By: Courtney Fogle (@courtnxyfogle


In this episode of PR Hangover, a journalist and PR professional share their insights on media relations. Shandra Martinez, former MLive journalist, and Beth Dornan, Amway PR Manager, have worked closely together over the years, developing a bond that all journalists and PR pros strive for! You can listen to this episode here.

Mutually Beneficial Relationships

PR professionals need to get to know the reporter. You should never pitch your story to random journalists without doing prior research about their beat. Shandra and Beth suggest PR pros take a look at the stories a journalist writes, the industries they focus on, and then decide whether or not your topic fits within their work. If your topic isn’t relevant, don’t ask them to write about it.

Shandra and Beth’s relationship developed over time. They each have a job to do within their positions, and they worked together to build a mutually beneficial relationship for both of their organizations; Beth giving Shandra information to publish and Shandra giving Beth access to the media. After getting to know Shandra and the information she looks for, Beth was able to better prepare and equip spokespeople. This created a more productive environment with happier team members and a story that both the company and journalist feel good about.

Journalist Skepticism

Honesty and integrity are important when PR pros are communicating with journalists. Sometimes the PR industry can get a bad reputation from malpractice. Journalists are aware that PR pros are representatives of their company or organization, ultimately working to provide information to the public regarding certain issues and topics. Journalists become skeptical when they don’t feel a PR pro is completely credible or trustworthy, mostly stemming from slip-ups and lack of ethical standards. Beth says PR pros should always under promise and overdeliver when working with journalists, never telling a lie or sharing information under false pretences. If you don’t know something, saying “I don’t know, but let me get back to you,” is better than eroding your credibility by bluffing your way through the conversation. Journalists don’t want to have to fact check your every word.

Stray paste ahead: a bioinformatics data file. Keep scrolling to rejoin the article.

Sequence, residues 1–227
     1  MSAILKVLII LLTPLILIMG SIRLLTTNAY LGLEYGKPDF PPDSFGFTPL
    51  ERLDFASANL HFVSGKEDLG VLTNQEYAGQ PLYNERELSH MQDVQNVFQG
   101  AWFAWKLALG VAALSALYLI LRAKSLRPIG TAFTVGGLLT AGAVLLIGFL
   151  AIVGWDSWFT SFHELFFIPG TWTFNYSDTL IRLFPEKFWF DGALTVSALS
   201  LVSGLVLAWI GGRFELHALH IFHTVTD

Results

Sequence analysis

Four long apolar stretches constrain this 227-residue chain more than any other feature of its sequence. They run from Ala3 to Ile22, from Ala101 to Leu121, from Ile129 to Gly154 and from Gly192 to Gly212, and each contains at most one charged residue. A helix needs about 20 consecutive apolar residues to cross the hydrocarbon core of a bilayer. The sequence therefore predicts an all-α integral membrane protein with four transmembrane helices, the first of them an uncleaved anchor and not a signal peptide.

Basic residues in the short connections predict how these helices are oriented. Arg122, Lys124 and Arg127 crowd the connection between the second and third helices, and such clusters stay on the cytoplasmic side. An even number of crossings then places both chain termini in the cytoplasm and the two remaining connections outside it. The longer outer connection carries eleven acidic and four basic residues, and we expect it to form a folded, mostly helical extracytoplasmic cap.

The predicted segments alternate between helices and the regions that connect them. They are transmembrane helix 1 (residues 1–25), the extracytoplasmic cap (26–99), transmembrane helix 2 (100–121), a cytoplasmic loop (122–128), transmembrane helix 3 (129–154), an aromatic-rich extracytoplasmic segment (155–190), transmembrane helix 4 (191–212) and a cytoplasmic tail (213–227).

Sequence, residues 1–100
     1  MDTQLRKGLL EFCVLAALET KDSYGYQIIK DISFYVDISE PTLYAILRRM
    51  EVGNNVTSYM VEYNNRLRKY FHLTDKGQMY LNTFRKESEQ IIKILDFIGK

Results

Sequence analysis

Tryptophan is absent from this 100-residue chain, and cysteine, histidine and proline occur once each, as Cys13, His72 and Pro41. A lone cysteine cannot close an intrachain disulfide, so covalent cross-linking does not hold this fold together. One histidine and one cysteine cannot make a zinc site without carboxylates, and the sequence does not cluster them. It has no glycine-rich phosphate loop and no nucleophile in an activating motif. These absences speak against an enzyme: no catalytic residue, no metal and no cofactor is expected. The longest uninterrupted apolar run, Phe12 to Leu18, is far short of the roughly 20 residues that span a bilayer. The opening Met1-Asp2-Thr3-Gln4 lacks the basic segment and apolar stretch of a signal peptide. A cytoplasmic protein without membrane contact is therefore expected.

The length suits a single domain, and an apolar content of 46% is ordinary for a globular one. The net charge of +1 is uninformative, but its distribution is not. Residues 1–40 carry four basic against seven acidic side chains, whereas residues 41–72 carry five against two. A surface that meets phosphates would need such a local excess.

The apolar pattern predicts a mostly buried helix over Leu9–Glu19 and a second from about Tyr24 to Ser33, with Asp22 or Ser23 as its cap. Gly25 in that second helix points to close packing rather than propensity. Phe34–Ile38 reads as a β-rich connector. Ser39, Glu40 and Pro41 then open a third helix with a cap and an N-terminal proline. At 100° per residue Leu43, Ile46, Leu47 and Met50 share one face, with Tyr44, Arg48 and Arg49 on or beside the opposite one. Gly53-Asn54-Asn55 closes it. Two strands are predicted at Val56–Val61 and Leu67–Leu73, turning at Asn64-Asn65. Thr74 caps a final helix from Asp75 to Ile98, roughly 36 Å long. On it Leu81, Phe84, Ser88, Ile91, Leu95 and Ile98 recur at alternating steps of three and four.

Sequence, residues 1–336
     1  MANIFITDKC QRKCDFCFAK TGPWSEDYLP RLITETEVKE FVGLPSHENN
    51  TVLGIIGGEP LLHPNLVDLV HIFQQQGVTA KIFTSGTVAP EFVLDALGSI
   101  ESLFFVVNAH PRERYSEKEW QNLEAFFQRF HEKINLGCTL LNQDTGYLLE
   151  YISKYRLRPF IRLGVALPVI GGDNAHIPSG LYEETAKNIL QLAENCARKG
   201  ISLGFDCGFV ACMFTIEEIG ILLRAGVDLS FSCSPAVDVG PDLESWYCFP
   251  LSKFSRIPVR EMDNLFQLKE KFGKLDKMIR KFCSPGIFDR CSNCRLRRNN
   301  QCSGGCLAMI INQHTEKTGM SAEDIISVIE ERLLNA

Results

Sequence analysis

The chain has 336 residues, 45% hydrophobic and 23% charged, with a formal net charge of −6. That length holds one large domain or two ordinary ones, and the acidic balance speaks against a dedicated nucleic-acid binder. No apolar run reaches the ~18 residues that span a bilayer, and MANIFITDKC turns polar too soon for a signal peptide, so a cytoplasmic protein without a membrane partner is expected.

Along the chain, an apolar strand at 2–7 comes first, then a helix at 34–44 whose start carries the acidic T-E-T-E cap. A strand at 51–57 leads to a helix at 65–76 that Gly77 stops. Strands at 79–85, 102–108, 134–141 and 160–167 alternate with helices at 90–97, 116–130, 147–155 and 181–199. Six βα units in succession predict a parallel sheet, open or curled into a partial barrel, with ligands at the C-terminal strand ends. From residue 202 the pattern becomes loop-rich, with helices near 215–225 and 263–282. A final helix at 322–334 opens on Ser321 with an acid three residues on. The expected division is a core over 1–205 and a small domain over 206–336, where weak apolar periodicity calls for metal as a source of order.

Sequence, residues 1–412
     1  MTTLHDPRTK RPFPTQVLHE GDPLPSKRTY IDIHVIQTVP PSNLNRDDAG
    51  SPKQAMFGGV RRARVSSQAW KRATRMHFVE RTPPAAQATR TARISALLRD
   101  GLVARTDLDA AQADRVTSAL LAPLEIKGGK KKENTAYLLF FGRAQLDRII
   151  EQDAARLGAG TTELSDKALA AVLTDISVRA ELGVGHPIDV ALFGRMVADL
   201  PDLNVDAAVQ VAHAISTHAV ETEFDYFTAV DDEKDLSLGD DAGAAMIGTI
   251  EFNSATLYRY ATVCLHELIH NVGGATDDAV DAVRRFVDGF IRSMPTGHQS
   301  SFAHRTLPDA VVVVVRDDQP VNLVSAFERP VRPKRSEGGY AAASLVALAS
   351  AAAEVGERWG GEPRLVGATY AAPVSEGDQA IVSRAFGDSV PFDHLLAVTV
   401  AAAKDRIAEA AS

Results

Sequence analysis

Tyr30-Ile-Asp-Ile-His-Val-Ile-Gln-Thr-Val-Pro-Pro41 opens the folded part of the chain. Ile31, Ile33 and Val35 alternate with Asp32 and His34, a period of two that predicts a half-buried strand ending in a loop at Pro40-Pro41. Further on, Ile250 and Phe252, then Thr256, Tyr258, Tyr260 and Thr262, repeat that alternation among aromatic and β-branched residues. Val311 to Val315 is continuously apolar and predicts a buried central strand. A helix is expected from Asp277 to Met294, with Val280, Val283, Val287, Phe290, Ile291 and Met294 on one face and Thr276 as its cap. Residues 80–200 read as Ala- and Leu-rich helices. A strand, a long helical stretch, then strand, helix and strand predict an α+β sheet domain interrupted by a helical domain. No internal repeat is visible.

Being Ethical

Even though you should get to know the journalist before sending them a pitch, you have to be ethical in your process. Shandra suggests inviting them out for coffee to find out more about what they cover, but you have to know the difference between building a relationship and bribery. Beth says that most reliable media outlets will write objectively, fairly, and accurately. Readers expect a balance of pros and cons in an article, not a biased articulation of a story. Both PR pros and journalists must act professionally and in accordance with their organizations’ standards.

You need to be able to differentiate a benefit versus an individual writing about something they truly believe is a good story. This holds true when dealing with influencers. Beth says that the FTC now regulates the information that is disclosed in relationships to incentives and deals. Influencers must disclose that they’ve received values from an organization. Their statements have to be clear, concise, and present, saying that their post or endorsement is sponsored with #ad in their content. Journalists need to be careful with how they handle the products they test out for review.

Advice from Beth:

  • Think like a journalist.
  • Flip the perspective to what the media outlet’s readers will be interested in and why they’ll be interested in it.

Advice from Shandra:

  • Journalists have to be able to pitch the company and PR person why they should share their story.
  • Gain the company’s trust so they’re willing to talk to you during both good and bad times.

To listen to this episode, click here.




Courtney Fogle is a junior studying Advertising and Public Relations. She is currently the Podcast Director for PRSSA and an account associate at GrandPR. Courtney is a singer-songwriter, with hopes to combine her love of music and PR so that she can work in the music industry managing artists and their brands. In her free time, you can find her listening to music or taking pictures of her cat, Oliver.